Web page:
Weaning yourself off over servicing your clients

Overservicing clients is when you do too much for them. More than they’re paying you for. One of the things I notice about my lovely clients (and myself sometimes) is the tendency to over-service. You might recognise this in yourself too.

How does this overservicing come about?

Sometimes this is when the client has a restricted budget and you might offer a smaller job to fit with their budget. But then you end up doing the piece of work that you wanted the client to pay for, but they didn’t have the money. Because that was what the client needed, but couldn’t/wouldn’t pay for.

If you run a workshop for someone, you might want them to pay for stakeholder interviews first, but they couldn’t afford it. You end up just phoning a couple of people anyway so that you can run the workshop well. Or if you make dresses for a living, you might end up doing two fittings, to make sure that they come out right.

Other times we can find ourselves overservicing clients because we want to do a good job. Or because the work is interesting in itself, and you end up working late immersed in your project. Sometimes we justify overservicing clients by telling ourselves that we’re learning a new skill, or work that we can reuse with other clients. Or because we like the client.

And of course, we sometimes overservice because we don’t have enough other work on to keep us busy. Instead of spending that time where it’s needed, on marketing to get more work in, we do more than we have to on the client work we do have.

What can we do about the tendency to overservice clients

Of course having a pride in your work and doing a good job, learning new skills and enjoying your projects are all good things. I don’t want to stop you doing that, as these are all hallmarks of a successful business.

But it’s too easy to spend time on client work because that’s within our comfort zone. Eather than the more difficult tasks of developing online content, chatting up new clients on Twitter, or picking up the phone to nudge the people who might become clients in the future.

For many business people, these are much more difficult things to do and involve real courage -whereas writing a more detailed report is an easier option.

The key to avoiding overservicing clients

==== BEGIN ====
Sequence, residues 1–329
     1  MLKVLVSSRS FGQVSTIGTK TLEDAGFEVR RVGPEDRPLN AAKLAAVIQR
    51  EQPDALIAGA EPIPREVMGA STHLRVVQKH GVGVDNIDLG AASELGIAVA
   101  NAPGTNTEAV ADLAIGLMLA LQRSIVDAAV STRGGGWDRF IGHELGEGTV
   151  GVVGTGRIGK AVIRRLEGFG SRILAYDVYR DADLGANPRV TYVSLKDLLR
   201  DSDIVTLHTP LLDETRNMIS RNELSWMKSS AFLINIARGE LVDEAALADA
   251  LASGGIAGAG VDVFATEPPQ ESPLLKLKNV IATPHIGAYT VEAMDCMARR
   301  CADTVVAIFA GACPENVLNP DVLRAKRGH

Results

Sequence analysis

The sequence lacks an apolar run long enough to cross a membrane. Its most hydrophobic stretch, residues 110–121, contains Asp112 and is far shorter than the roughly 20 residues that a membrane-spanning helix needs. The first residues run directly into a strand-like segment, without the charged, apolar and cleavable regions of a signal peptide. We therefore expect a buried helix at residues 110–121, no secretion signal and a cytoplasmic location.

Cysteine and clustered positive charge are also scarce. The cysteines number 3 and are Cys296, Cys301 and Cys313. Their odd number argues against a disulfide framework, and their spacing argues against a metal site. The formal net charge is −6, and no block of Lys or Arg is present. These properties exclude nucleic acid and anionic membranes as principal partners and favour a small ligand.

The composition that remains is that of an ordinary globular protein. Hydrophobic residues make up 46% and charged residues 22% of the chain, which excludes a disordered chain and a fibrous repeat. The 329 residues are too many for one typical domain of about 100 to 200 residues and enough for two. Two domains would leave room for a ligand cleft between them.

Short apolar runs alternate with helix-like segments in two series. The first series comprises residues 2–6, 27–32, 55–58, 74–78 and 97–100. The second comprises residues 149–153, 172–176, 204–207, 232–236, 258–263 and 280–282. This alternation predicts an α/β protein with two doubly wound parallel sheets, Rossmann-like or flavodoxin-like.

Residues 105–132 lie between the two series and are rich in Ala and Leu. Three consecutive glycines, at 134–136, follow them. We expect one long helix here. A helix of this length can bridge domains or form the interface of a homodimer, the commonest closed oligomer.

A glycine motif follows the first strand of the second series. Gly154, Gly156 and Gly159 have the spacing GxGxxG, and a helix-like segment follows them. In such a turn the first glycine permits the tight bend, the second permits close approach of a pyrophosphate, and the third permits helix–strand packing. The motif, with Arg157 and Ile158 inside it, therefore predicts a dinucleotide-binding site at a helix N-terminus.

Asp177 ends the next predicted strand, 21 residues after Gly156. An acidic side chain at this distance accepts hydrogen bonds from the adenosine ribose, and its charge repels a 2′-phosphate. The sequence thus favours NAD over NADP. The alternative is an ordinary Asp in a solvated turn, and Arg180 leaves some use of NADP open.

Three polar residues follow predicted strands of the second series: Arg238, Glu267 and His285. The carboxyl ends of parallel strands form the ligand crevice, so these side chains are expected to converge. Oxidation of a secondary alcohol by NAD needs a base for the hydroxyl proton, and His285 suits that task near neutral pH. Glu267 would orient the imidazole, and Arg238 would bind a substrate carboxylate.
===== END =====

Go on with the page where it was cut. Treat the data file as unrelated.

The key to avoiding overservicing clients is to be clear with the client what they should expect in the first place, and then planning out what work you’ll do for them in detail and scheduling it in. If you quoted for designing a new website with particular functionality, and the client has agreed to this, then stick to what you’ve contracted to do. Even if it’s a tempting idea to put in some other features as a freebie extra.

But what about those extras?

If you have some extra ideas of what would be good for the client when you’re halfway through the project, then suggest these to the client, with a price. She can decide if she wants the extras. Maybe she’ll say that she wants it all now. Or perhaps she’ll want to pay for them in 3 months when she has some more money to spend. But if you do extra work, without the client agreeing to it, she won’t notice or appreciate your diligence.

Using my three-point pitching process can help as well, as you’ll have already identified the extra areas the client might want. If she can’t/won’t pay for them, you know that you’re not going to do them.

Having clear boundaries avoids overservicing clients

If you have a packaged service, like mine, where you include extras (my business coaching clients can email me and phone me in between meetings) you need to be clear where the boundaries lie. For me, clients can’t expect me to answer the phone or email outside of working hours. And they know that I’ll press the red button if they call me at the weekend. And I tell them in advance when I’m going to be on holiday, so I’m not even tempted to check emails when I’m away enjoying myself.

If you tell people precisely what they are going to get for their money, then most clients will respect this. And the small minority who don’t (there’s always a few who will try it on) will have to accept this.

Invest your time in yourself and your business

If you don’t spend all your time overservicing clients, you can spend more time either enjoying yourself or working on your marketing. Both are important for your business. Investing in downtime means that your brain will be fresh for clients, and doing more marketing means that you’ll have more clients.

Here are some ideas for getting going with your marketing, now you’ve decided not to spend every minute of the day working on client projects.

And while you’re reflecting on how your business could get into better shape, maybe check out this article on the top problems my clients face, and see if there are any other moments of truth for you.

For some more help

Do you see yourself in some of this?  Would you like some help on how to get more organised with your marketing? Or how to spend less time working with clients but be able to earn more money? Maybe you want some help and advice with your business?

Why not treat yourself to a session with a business coach – it’s better than a spa. Here’s how it works.

Some more great tips: 

Bootstrapping – the art of the possible

Make your customers happy by meeting their needs